Reading Time: 4 min read

It’s often that we can fall back to old habits of procrastination. It’s inherent in all of us, but that shouldn’t give an excuse for us to pursue the things that mean the most to us. So, what can you do to get the things that need to be done, done? Here are some tips I recommend.

1. Start Your Morning Fresh Minded and Ready to Go

Not everyone is the same. So, take this advice as you will, but waking up early in the morning and doing the difficult tasks first will improve your productivity. Why? Well after sleeping, your mind and body are getting a sort of hard reset. It’s similar to how your phone eventually can perform slower and the recommendation is often to turn it off for a few seconds and back on. Usually fixing that slowness in return. As we work, go to school, face the difficulties of life ahead of us every day. The morning is usually where our minds are freshest. Studying or working at this time gives you ample time to create a state of hyper-focus. If you’re willing to be an early bird, getting started at this time can prove helpful.

2. Stress Less

In John Medina’s book “Brain Rules”, Medina talks about how stress can affect important brain functions like memory and problem-solving. Medina states that stress can be both good and bad. When there is a bit of stress, you perform better, more efficiently even. It has to do with how our ancestors adapted over time, but this kind of stress can boost performance in studying and problem-solving. Severe stress, the kind you feel when you have to juggle classes and a job, and are not prepared for it. Can create harmful effects on your learning and work life. To be more productive, it’s important to manage your stress levels. For example, setting aside time to make decisions on how you’ll spend your day. Even exercising, talking to friends, family and anything else you find reduces your stress.

3. Chunk Your Ideas, Keep Them Forever

If you remember numbers like 992831, by taking the first 3 numbers (992) and then the next 3 (831). This is known as chunking when you take a big idea and separate it into smaller understandable ideas. You’re improving the way you remember things. If I were to ask you to remember 992831 in full length in 3 seconds starting from when I first showed it to you. You might follow by dividing the number into smaller manageable parts. Why is this important? Well, our brain is powerful, but it doesn’t like to multitask.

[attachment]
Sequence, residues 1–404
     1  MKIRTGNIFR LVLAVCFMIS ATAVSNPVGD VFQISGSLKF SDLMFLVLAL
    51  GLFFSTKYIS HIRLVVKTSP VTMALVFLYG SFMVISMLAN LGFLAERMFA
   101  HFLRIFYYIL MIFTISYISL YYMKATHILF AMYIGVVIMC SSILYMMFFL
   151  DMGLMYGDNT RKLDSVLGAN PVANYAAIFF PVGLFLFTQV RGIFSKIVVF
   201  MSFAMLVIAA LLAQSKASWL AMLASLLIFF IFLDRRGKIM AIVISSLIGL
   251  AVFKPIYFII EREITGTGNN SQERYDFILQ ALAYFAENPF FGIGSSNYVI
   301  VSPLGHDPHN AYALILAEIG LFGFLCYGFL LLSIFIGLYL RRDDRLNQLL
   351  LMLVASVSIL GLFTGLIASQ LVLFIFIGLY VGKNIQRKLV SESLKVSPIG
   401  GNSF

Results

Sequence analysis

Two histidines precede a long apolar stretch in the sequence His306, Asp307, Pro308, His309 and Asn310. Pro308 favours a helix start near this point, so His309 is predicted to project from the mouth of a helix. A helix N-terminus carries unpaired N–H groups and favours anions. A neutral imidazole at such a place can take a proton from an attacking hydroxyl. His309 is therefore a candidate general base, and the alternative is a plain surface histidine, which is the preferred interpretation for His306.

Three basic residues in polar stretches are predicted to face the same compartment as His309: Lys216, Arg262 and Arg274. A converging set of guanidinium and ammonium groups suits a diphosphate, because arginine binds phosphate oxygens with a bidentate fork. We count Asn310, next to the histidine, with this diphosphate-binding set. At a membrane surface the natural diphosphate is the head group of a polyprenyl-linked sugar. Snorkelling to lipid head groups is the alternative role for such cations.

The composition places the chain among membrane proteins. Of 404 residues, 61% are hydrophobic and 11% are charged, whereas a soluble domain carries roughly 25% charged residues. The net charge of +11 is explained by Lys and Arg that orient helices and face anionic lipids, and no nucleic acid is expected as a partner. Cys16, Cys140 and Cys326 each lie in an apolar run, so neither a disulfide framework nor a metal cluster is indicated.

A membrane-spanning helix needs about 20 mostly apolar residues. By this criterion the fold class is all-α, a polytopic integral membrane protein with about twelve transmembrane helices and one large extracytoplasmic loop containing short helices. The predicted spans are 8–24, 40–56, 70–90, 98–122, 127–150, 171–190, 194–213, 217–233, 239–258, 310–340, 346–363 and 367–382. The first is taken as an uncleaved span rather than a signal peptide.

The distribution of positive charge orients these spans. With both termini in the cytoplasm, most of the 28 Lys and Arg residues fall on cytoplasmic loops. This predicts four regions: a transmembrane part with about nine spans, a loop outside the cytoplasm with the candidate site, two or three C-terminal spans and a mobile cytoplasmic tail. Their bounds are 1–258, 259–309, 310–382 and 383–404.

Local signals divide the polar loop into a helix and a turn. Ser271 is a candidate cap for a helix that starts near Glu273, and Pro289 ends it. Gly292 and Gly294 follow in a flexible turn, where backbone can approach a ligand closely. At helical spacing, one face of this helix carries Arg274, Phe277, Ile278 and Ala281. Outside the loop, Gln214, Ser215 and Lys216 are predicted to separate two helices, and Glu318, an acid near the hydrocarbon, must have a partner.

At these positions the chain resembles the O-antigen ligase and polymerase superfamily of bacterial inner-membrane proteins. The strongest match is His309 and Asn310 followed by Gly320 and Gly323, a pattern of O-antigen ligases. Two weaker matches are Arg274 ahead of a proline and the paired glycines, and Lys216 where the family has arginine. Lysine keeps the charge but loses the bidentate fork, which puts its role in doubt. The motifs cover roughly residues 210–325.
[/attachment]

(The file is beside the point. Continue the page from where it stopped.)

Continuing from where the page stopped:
It’s believed that your brain can hold up to a maximum of 4 chunks. When you max out these chunks, your brain is being overloaded and whatever it is doing now, must be completed to free up space. If you do not, this can impact your performance and productivity, and even memory. To fight this effect knowing you have a set of tasks to complete. Try to focus on only one at a time, this will allow you to put all your effort and energy into solving the task. You will often feel as if you have decompressed and generated more energy doing things in this manner because you are allowing your brain to free itself of overworking. Chunking is especially powerful to combat burnout, so be sure to focus on improving this skill.

4. Focus, Attention and Music

You may feel at times that when you are trying to give your absolute best to something important in your life, your attention starts to wander off. It feels as though you truly will never be able to learn. This is where it is important to train your focus and attention. The moment you lose attention is when you will find yourself forgetting things.

To prevent yourself from wandering off, you can try to do the following: If your mind starts thinking about something, write that idea down on a piece of paper. This will act as a relief, it will send the message that “Hey, this is something I’m thinking about, but I’m busy now, I’ll come back to it later.” You are giving your brain breathing room to pursue the important things in your life, you have essentially reduced a chunk, to gain a chunk.

So how does music fall into this section? Well music, is a great motivator. The right kind of music can motivate you to focus your attention and gain more from your work or study. In “Brain Rules” By John Medina, Medina states that music can change your mood and send good-feeling chemicals that let it know its in a good mood. During this state, you feel you have more energy and can expect to get a productivity boost. All music is not equal. If you like music with vocals, it might be harder to study, because you are more likely to sing along. I am sure you can imagine how you will not get any work done like that. So, some studies have shown music with no vocals like classical, or if you are a fan of lo-fi beats, can be more beneficial to your excellence.

If you’re interested in more ways to give your life a boost. I recommend reading John Medina’s book, it’s an interesting read. If you click the Amazon link below and purchase the book there, I earn a small commission fee that lets me keep this website going.